Global Warming’s Latest Victim: Medicinal Plants
Traditional medicinal plants have been used for centuries to treat local communities. From herbal and tribal medicine to the Science of Ayuveda, nearly 80 percent of the world depends on medicinal plants. And even if you think it’s some sort of pseudo science, understand that pharmaceutical drugs use these plants as direct ingredients and you couldn’t have one without the other. At the same time, an undiscovered plant could also hold the key to curing a deadly disease like AIDS or cancer. But just like our rainforests, oceans, and animals are all vulnerable to a changing climate, so too are the medicinal plants that we depend for healthcare.
“Of the 7.2 billion people who live on Earth now, about 5 billion of them don’t go to the local Walgreens to get their prescriptions filled,” Lewis Ziska, a U.S. Department of Agriculture plant physiologist specializing in plants’ response to global warming said to The Daily Climate. “Rising CO2 levels and climate change may have a huge impact on native peoples’ ability to provide for their own healthcare.”
How does global warming impact these medicinal plants? Well, for starters, as the planet warms, many of these so-called weeds start to move north. This means that they don’t grow in the areas that needed them the most. Plus, rising carbon levels may actually change the plant chemistry, making them less effective in the long run, and that could have devastating effects on the communities that rely on them.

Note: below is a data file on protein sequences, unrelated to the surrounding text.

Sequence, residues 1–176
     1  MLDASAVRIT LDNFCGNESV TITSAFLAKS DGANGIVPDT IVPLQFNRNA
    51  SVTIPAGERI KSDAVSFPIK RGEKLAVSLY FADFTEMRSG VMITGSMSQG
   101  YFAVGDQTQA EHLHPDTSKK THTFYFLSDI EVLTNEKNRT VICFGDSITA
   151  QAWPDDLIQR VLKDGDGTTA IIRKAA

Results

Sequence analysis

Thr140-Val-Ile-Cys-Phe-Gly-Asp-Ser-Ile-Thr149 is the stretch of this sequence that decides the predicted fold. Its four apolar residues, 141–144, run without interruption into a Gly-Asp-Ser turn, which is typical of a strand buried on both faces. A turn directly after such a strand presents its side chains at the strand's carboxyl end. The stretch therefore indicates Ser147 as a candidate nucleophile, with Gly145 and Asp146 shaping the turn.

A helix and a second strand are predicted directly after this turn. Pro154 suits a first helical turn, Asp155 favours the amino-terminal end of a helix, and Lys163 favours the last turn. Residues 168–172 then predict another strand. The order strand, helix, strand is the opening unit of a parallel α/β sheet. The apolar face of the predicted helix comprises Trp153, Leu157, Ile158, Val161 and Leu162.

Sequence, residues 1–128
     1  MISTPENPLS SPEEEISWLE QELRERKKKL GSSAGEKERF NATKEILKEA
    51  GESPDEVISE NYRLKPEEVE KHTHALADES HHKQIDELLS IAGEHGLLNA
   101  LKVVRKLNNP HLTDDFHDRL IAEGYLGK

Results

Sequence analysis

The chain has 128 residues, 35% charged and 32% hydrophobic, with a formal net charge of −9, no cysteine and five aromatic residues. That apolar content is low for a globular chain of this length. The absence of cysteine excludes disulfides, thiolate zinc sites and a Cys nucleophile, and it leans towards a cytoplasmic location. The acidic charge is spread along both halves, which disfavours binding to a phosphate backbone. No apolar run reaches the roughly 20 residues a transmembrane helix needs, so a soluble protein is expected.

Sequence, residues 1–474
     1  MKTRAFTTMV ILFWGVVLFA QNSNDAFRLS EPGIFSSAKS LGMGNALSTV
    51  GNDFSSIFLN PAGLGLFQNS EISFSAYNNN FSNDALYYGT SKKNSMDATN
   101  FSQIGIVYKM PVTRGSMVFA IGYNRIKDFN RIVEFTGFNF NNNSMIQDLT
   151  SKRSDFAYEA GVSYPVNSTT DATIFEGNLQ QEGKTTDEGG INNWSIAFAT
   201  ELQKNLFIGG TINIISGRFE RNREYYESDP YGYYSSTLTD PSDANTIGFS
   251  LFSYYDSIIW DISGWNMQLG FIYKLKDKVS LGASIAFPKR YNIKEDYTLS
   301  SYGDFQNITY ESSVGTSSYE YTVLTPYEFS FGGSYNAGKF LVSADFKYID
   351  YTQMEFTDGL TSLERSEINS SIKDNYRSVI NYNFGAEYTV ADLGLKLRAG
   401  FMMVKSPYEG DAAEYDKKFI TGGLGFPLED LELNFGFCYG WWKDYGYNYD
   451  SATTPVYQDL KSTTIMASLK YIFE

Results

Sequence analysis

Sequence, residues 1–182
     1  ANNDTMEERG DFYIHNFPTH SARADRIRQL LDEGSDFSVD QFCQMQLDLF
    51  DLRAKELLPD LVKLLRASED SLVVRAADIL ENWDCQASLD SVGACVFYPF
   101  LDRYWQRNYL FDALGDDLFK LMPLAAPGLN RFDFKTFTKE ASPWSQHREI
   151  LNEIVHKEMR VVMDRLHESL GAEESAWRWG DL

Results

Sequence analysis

One Indian study looked at the impact of climate change on medicinal plants used for Ayurveda. According to the study, the best herbs must be collected from a certain region of the Himalayas, as they are considered the most potent. In fact, Ayurvedic text names 351 Ayurvedic formulations and 175 pharmaceutical drugs that are sourced from one region. These areas are located at high regions in the Himalayas.
According to the study:
Medicinal plants are highly valuable to human livelihood and the medicinal plant wealth of India is well recognised. Studies on possible effects of climate change on medicinal plants are particularly significant due to their value within traditional systems of medicine and as economically useful plants. There is evidence that climate change is causing noticeable effects on life cycles and distribution of the plant species.
Small pockets of vulnerable land may be home to large portions of our medicinal plants and once they disappear, we’re in real trouble. Not to mention, that they may also hold the key to diseases that have yet to be cured. What if a vaccine for a chronic killer is hidden in a region that falls victim to deforestation? Or maybe it ceases to exist because it’s no longer protected by a shield of ice caps or snow. What a shame it would be if we never found that long awaited cure because the plant no longer existed as a result of our warming planet.
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Image of medicinal plants from Shuttershock